One of the reasons I love Christianity is for its rich anthropological vision. Being a Christian allows us to take the humanity and the personhood of individuals with a seriousness and beauty that few, if any, worldview can. Our fellow humans can never be viewed as merely means to an end, but must always be understood as ends in and of themselves.
This has a powerful affect when thinking through a variety of ethical topics. For instance, I’ve written previously how sexual fantasy is a grossly dehumanizing practice. It strips away the person, in order to take pleasure in only the body, creating division between two things that are ultimately united; destroying the one, and preying upon the other.
Recently, I was reminded of yet another area where thinking through how our actions towards others can reveal our deeper views of their humanity, albeit in an area that I was not expecting. Listening. The Christian Scriptures are rich with admonitions for one to listen well and speak carefully. As is always the case, what the Scriptures command are good and are for good, and despite the many overt interpersonal benefits that good listening can bring, there is a deeper good laced within it that shows a deep respect for the person who is speaking.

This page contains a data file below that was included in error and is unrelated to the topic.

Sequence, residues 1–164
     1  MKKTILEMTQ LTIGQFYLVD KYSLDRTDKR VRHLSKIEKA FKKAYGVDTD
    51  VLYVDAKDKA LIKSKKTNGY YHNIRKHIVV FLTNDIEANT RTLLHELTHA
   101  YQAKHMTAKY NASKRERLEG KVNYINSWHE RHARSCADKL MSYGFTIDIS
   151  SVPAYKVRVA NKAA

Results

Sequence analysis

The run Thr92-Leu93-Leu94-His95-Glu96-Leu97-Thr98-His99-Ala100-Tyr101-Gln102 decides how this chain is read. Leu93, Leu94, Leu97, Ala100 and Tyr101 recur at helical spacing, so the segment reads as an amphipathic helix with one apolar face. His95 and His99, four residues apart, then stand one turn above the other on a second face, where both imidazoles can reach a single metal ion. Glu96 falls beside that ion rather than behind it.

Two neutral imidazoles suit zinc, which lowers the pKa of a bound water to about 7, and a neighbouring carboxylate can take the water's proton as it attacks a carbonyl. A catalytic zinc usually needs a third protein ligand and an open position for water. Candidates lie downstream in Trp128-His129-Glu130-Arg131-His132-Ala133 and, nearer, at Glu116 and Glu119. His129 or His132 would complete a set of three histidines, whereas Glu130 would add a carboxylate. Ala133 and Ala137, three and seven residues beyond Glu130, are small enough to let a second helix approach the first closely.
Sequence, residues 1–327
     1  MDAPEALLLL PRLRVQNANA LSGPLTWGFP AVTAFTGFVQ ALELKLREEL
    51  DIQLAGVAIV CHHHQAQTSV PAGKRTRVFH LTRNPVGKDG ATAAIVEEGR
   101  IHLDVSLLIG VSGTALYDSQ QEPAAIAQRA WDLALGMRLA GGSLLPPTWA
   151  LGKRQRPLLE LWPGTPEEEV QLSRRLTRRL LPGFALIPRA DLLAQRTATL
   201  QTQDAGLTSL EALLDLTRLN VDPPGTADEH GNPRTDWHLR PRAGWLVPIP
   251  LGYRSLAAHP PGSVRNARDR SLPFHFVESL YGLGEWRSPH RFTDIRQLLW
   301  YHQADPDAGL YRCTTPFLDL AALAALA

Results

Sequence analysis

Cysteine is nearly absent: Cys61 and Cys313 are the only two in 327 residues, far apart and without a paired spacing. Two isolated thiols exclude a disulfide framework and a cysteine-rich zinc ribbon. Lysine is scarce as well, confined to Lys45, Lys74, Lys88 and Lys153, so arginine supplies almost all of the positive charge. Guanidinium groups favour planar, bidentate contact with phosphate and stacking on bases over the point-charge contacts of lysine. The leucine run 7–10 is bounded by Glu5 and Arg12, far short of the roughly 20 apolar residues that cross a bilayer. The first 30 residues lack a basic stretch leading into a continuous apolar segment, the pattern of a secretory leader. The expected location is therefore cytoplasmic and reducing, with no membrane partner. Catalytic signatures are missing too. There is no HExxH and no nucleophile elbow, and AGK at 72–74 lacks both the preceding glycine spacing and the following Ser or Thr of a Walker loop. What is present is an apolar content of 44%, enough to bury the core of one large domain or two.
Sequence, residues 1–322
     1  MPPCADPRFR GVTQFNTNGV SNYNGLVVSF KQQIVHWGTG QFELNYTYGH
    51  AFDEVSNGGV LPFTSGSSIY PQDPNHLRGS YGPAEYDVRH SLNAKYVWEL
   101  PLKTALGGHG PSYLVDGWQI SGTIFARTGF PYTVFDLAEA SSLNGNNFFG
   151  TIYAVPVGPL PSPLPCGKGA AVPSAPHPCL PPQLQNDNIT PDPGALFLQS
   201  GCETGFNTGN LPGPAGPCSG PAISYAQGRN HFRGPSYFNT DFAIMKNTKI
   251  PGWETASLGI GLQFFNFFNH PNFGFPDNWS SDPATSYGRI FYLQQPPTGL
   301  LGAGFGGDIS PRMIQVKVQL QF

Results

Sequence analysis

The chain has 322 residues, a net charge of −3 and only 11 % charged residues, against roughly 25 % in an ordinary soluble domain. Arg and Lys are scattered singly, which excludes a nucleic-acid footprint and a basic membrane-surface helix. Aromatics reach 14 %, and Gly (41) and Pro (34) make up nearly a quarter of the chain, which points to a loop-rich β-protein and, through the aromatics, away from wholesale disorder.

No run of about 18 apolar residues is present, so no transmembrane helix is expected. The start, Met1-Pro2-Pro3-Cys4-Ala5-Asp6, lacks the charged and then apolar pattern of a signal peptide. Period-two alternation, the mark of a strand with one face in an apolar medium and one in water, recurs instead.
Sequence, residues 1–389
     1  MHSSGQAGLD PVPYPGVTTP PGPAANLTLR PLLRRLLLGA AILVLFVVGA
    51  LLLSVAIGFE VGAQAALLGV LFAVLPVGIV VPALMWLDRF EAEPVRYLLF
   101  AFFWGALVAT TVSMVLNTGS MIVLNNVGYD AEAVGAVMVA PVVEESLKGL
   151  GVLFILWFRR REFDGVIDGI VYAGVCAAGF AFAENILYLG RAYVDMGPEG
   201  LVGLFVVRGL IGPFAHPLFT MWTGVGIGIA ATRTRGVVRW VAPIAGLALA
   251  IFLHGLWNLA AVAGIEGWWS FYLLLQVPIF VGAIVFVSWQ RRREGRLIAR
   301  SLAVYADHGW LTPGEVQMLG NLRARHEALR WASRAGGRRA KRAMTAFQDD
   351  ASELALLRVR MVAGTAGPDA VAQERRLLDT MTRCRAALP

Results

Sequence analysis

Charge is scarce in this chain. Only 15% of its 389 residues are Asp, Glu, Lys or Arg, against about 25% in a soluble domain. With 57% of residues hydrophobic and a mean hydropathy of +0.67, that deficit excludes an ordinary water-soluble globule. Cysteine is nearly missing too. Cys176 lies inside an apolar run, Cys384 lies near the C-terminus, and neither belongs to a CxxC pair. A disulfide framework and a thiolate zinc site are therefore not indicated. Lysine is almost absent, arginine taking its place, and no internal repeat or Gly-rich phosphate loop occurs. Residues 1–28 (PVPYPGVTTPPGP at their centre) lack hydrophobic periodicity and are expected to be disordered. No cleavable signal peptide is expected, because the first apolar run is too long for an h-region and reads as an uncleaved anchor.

Dietrich Bonhoeffer wrote about the anti-type of this kind of humanity honoring listening. He stated:
There is a kind of listening with half an ear that presumes already to know what the other person has to say. It is an impatient, and inattentive listening, that despises the brother and is only waiting for a chance to speak and thus get rid of the other person.1
Good listening honors the humanity of the individual who is speaking. It honors their existence as an image bearer of the living God. It declares that the person is not merely an avenue for one’s own self-expression. Good listening actively resists the fleshly desires for self-glorification and treats the humanity of the speaker with the same, or, an even higher regard than for oneself. Indeed, patient, attentive, slow to respond and quick to dig deeper listening can be a daily practice of loving one’s neighbor as themselves.
1. Dietrich Bonhoeffer, Life Together: The Classic Exploration of Christian Community (New York, NY: HarperOne, 1954), 98